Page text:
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User studies: enquiry foundations and methodological considerations

User studies: enquiry foundations and methodological considerations

Tutorial presented in First Workshop on Digital Information Management


Giannis Tsakonas

March 31, 2011


  1. user studies enquiry foundations and methodological considerations Giannis Tsakonas dbis/dlib/ionio

    March 31, 2011 | 1st Workshop on Digital Information Management | Corfu, Greece
  2. 2 structure - introduction - enquiry foundations - definitions -

    types of user studies - usage studies - behavior studies - fundamental theories and models - methodological considerations
  3. enquiry foundations part a

  4. definitions - User studies are research studies focusing on the

    use of information sources from “real” (end) users. - User studies are extended on the channels of information, such as means (formats), networks (social, academic, workplace networks) or information providing systems (information retrieval systems, digital libraries, web search systems, intranets, etc.). - In user studies the use of information sources is considered the dependent variable, while the various aspects of the users’ profile are considered the independent variable. 4
  5. variables Dependent Usage > what is used > how is

    used > why it is used Users’ opinion Users’ preference Independent age sex scientific area educational level communities location ... .. . 5
  6. definition of context - A rather vague and unclear term

    - In the present example of a context we identify: - a person (implied) - the mean (the computer and information system) - the content (which is supplied by the information system) - An already rich image of a complex context. 6
  7. definition of context - By expanding our view we can

    see: - the ability to interact with other information sources and means. - these means may pre-exist and -may again - have contributed to the formation of the user’s context. 7
  8. definition of interaction - Direct / personal - the user

    is interacting by his own means with an information source. - Direct / collaborative - the user is cooperating with persons that understand the same or a similar work need. - Indirect / intermediated - the user is supported by a third person for fulfilling his/her information need. 8
  9. definition of need - Users needs are: - information needs

    - information needs are - usually - unclear and “messy”, while a part of them may remain unexpressed and unfulfilled. - information needs can be clarified or can be generated during information seeking. - work needs - work needs are more clear and their satisfaction is imperative and often takes place in pressing conditions. - Obviously, information needs are included in work needs. 9
  10. definition of need - Needs affect several expressions of information

    behavior. - Needs are related to motives and constraints in information seeking. - According to Taylor [1986] needs are: - Visceral - Conscious - Formalized - Compromised 10
  11. types of user studies - User studies are distinguished in

    two broad categories: - usage studies - what, why and how much is used - behavior studies - how and why something is used 11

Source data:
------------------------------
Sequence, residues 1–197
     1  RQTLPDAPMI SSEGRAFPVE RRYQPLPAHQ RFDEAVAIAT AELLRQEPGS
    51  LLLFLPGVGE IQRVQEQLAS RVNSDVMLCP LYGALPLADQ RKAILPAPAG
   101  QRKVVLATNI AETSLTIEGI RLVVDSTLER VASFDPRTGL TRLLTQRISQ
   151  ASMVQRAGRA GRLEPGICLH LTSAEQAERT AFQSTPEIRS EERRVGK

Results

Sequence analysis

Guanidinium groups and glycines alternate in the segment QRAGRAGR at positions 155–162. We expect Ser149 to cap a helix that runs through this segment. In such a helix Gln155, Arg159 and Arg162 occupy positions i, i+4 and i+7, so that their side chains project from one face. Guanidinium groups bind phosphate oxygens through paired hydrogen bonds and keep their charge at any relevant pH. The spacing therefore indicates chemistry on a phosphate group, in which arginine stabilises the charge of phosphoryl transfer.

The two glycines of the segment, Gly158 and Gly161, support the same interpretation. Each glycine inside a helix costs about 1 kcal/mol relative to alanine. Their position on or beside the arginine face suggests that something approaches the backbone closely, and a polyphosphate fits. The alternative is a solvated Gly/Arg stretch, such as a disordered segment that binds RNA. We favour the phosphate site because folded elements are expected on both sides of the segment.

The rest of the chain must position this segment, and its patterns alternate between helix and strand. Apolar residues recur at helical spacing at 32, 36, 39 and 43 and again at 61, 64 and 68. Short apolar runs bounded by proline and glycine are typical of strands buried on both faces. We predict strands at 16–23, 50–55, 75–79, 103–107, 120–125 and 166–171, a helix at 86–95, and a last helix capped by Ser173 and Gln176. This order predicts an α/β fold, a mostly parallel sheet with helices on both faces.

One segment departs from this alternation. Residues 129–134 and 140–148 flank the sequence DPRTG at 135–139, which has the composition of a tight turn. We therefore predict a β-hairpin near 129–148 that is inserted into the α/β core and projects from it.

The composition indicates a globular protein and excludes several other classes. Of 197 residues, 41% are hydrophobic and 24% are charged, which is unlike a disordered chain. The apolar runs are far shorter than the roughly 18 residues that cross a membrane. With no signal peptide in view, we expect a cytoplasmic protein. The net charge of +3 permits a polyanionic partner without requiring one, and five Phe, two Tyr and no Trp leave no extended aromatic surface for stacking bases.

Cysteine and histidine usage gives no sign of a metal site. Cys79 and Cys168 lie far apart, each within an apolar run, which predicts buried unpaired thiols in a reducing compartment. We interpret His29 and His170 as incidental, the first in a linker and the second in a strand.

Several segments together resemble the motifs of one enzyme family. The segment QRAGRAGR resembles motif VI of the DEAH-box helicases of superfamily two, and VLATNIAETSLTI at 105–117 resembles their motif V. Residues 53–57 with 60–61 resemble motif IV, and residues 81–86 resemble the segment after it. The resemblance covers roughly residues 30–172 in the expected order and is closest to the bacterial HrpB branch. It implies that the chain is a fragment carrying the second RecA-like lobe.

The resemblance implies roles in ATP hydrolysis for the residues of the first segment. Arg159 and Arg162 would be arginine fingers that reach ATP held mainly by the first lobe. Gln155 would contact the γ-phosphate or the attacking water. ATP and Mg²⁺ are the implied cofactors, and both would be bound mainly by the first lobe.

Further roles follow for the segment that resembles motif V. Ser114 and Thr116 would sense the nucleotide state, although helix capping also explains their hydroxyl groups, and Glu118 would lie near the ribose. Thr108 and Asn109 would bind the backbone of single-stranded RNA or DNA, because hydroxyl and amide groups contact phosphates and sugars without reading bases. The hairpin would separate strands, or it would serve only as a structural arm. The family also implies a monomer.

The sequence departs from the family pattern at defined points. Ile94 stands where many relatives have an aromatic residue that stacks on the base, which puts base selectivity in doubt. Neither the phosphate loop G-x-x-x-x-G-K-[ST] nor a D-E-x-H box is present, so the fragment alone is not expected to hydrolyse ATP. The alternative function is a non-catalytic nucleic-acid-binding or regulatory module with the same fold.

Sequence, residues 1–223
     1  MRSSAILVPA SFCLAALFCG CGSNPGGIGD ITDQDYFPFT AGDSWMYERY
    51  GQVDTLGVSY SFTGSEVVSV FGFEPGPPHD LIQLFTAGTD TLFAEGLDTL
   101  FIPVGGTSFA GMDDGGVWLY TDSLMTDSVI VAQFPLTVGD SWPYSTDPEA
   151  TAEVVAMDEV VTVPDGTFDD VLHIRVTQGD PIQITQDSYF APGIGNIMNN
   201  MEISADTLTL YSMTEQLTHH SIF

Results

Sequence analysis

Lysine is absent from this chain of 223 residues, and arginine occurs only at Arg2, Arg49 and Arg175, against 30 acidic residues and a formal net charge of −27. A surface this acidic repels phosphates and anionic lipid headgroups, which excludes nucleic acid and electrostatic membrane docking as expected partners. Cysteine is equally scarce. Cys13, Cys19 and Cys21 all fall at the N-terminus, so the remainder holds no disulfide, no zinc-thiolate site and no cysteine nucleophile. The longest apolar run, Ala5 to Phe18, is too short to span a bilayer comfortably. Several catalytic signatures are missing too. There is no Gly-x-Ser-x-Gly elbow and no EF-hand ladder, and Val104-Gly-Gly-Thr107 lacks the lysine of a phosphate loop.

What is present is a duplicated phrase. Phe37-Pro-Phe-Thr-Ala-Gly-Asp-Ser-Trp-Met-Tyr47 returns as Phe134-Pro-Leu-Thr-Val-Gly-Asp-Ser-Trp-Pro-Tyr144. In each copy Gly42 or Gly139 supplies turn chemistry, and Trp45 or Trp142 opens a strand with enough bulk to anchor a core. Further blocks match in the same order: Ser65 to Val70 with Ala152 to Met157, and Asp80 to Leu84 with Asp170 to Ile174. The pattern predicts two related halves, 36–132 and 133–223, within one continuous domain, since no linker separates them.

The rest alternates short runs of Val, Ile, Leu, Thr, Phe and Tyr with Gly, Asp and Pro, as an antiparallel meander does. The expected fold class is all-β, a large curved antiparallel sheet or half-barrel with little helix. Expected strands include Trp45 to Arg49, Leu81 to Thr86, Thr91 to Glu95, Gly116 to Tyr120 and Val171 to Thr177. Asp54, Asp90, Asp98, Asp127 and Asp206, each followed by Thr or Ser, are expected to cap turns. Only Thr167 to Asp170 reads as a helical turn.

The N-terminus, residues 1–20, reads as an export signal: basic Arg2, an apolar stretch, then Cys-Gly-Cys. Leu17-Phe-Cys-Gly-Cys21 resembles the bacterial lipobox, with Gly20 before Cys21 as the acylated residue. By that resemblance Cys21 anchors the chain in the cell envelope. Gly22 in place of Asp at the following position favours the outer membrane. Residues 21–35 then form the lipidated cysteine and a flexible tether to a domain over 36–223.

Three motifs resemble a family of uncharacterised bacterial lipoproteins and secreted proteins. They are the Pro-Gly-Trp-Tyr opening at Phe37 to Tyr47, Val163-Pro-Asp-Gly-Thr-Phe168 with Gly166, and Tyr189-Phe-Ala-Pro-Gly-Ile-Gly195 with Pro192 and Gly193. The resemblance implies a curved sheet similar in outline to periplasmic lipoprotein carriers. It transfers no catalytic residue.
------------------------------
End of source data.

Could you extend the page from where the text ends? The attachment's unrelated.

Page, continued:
12. usage studies - Usage studies are important for the area

    of libraries and related information organizations. - They have important practical significance and they can assist decision making. - They focus on usage patterns. 12
  13. examples of findings - ...one or two sessions per month,

    wide use of journals and articles, mostly social scientists and graduate students... - ...journal-focused (many sessions but concentrated on 4 or 5 specific journal titles and 50% full text, mostly scientists and graduate -students)... - ...topic-focused (searched less often and by subject rather than -specific journals, used many articles, mostly social scientists... - Clinicians and biology researchers use e-journals differently: clinicians search online material (often abstracts) for educational and clinical purposes, while biology researchers use online material for research. Health professionals with an M.D. degree use abstracts rather than full-text articles to access treatment protocols and say they would go without an article rather than pay for online access. Those without the M.D. degree use e-journals even more often. Findings from SuperJournal and HighWire eJUSt (last bullet) studies as reported in Tenopir [2003] 13
  14. sources of data - According to Franklin, Kyrillidou and Plum:

    - census counts - externally generated, e.g. COUNTER compliant statistics - internally generated, e.g. log files - sample counts - externally generated, e.g. LibQUAL+© - internally generated, e.g. MINES for Libraries© 14
  15. why? - Cost-benefit decisions - subscription/operational costs - costs per

    use (download, view, etc.) - Understanding users 15
  16. user behavior studies - Behavior studies are known in information

    science as “information behavior” studies - According to T.D. Wilson: those activities a person may engage in when identifying their own needs for information, searching for such information in any way, and using or transferring that information. - Information behavior is inclusive of all stages of information lifecycle and is not constrained only in retrieval. 16
  17. user behavior studies - Information behavior refers to the environment